Postplanning: Given the geometry of the anatomical portion (PTV) and the specific organs (OAR) and a given number and position of needles and the position of the energy emitting source in each needle the dwell times of the energy emitting source at each position are determined, so that the resulting dose distribution satisfies various criteria such as coverage of the anatomical portion with the prescription dose, avoidance of dose values above some critical values in the specific organs, etc.

Template Based Inverse Planning

FIG. 6 defines the template and catheter characteristics. The planning software is run on a personal computer or laptop computer and allows the setting of certain objectives/boundaries/parameters prior to the generation of a treatment plan. The displacement step of the source within a needle is set at 5.0 mm in the afterloader parameters, since a 2.5 mm value produces a large number of sources and the optimization using the algorithm according to the invention may take more time and since then 512 MB RAM are recommended. By pressing the button Auto-activation the dialog of FIG. 7 appears, which may contain other organs (or VOIS i.e. Volumes Of Interest)

This dialog is used for the auto-activation algorithm. The anatomical organ (PTV) and the specific organs (OAR) to be protected against too much radiation exposure are listed as well as the minimum distance of the source dwell positions from the corresponding VOI in mm. It is used to select only source dwell positions that are at a distance to a corresponding VOI larger than a specified value.

VOIs for which the corresponding button is pressed only will be considered. In this example the rectum is ignored since it is outside the anatomical portion (PTV).

Now the program moves all catheters/needles, which inside the anatomical portion taking the specific organs and the geometry of the anatomical portion into account. The user has now to take only a subset of these catheters. In principle this will be done automatically by using an optimization methods which are flexible and robust. This will be the true inverse planning.

In FIG. 8 the Source Parameter dialog for setting the prescription dose is disclosed. This dialog is used to define the source strength or activity and the prescription dose. These parameters have to be supplied for the use of the optimization algorithms. The source is characterized by its strength in units of U or as activity in units of GBq or Ci. The prescription dose is specified in cGy.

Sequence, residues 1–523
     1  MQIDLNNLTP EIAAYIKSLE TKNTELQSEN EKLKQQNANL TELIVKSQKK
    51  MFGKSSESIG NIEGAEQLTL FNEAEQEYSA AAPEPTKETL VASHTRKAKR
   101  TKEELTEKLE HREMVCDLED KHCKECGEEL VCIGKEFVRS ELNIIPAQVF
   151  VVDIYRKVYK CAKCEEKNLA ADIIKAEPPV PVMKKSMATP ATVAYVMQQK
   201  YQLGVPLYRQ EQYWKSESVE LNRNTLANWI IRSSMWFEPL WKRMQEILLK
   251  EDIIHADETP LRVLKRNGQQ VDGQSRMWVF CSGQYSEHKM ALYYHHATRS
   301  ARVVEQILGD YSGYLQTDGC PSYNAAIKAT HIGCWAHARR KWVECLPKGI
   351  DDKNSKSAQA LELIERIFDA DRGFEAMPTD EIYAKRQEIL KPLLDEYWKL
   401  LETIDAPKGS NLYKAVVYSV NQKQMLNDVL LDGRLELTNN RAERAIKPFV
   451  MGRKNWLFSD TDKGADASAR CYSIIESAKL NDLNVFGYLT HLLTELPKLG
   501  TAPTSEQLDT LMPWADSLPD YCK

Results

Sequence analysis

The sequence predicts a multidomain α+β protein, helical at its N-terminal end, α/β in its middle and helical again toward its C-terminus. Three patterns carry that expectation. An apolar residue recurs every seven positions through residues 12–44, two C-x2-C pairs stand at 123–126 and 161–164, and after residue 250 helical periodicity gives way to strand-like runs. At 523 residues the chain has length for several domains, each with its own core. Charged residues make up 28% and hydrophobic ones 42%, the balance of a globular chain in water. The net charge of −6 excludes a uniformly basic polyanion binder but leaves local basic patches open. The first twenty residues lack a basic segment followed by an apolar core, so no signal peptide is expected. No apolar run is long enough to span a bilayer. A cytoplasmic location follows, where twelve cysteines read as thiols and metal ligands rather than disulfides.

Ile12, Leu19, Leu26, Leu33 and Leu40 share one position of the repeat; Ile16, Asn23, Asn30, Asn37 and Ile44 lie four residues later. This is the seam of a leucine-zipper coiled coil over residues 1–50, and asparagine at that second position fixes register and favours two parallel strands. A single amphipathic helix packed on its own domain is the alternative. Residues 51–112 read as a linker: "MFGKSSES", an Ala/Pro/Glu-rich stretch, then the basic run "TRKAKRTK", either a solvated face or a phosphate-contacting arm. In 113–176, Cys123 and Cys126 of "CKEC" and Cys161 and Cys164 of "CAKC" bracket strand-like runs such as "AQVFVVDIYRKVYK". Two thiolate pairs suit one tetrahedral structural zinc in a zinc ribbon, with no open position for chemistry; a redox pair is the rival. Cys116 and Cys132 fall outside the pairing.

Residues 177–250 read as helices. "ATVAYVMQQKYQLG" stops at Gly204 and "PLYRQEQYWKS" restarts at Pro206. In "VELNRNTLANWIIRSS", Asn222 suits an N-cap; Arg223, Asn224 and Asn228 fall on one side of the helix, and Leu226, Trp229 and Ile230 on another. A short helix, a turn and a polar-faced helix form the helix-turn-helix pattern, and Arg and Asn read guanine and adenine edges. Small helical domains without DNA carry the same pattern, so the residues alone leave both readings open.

Subsequently the Inverse planning dialog of FIG. 9 and FIG. 10 Template View and Loading appears. FIG. 10 shows the grid of the template, the catheters and VOIs at various distances from the template. The selected catheters are shown in dark. The catheters which can be selected in light gray. By moving the z-slide a plane parallel is moved along the normal to the template and at some given distance from the template defined by distance z. In the Template View the intersection of the VOIs with that plane is shown in the anatomy window.

By selecting one of the buttons shown in FIG. 11 (and FIG. 10) the catheter density can be selected.

By selecting with the mouse cursor one or more of the catheters or needles (except those which are light gray) the selected catheter can be switched on or off. So the user can select the catheters he wants to use during treatment planning. For example a set of catheters on the periphery and an additional set of catheters inside the anatomical portion can be selected. It is preferred to limit the number of selected catheters or needles to 15-20 in order to limit the number of calculations to be performed.

Subsequently the dialog of FIG. 12 Geometry and sampling appears which contains information about the sampling points, the number of source dwell positions and the number of catheters. Subsequently a optimization modus has to be selected and the dialog of FIG. 13 appears. Here the optimization method can be selected e.g. a deterministic optimization method.

After selecting Set Optimization Options in FIG. 13 the dialog of FIG. 14 appears. The specific organs (OAR=Organs At Risk) which are to be considered during the radiation treatment planning have to be selected. In this case the rectum is located outside the anatomical region to be treated and it can be ignored. However in this example prostate cancer is to be treated and therefore the Urethra button is selected as the urethra is present inside the prostate. The critical dose value to which the specific organ may be exposed to as fraction of the prescription dose. In this case it is decided by the medical personnel that the urethra does not to receive more than 50% of the prescription dose. Therefore the factor 1.50 is entered.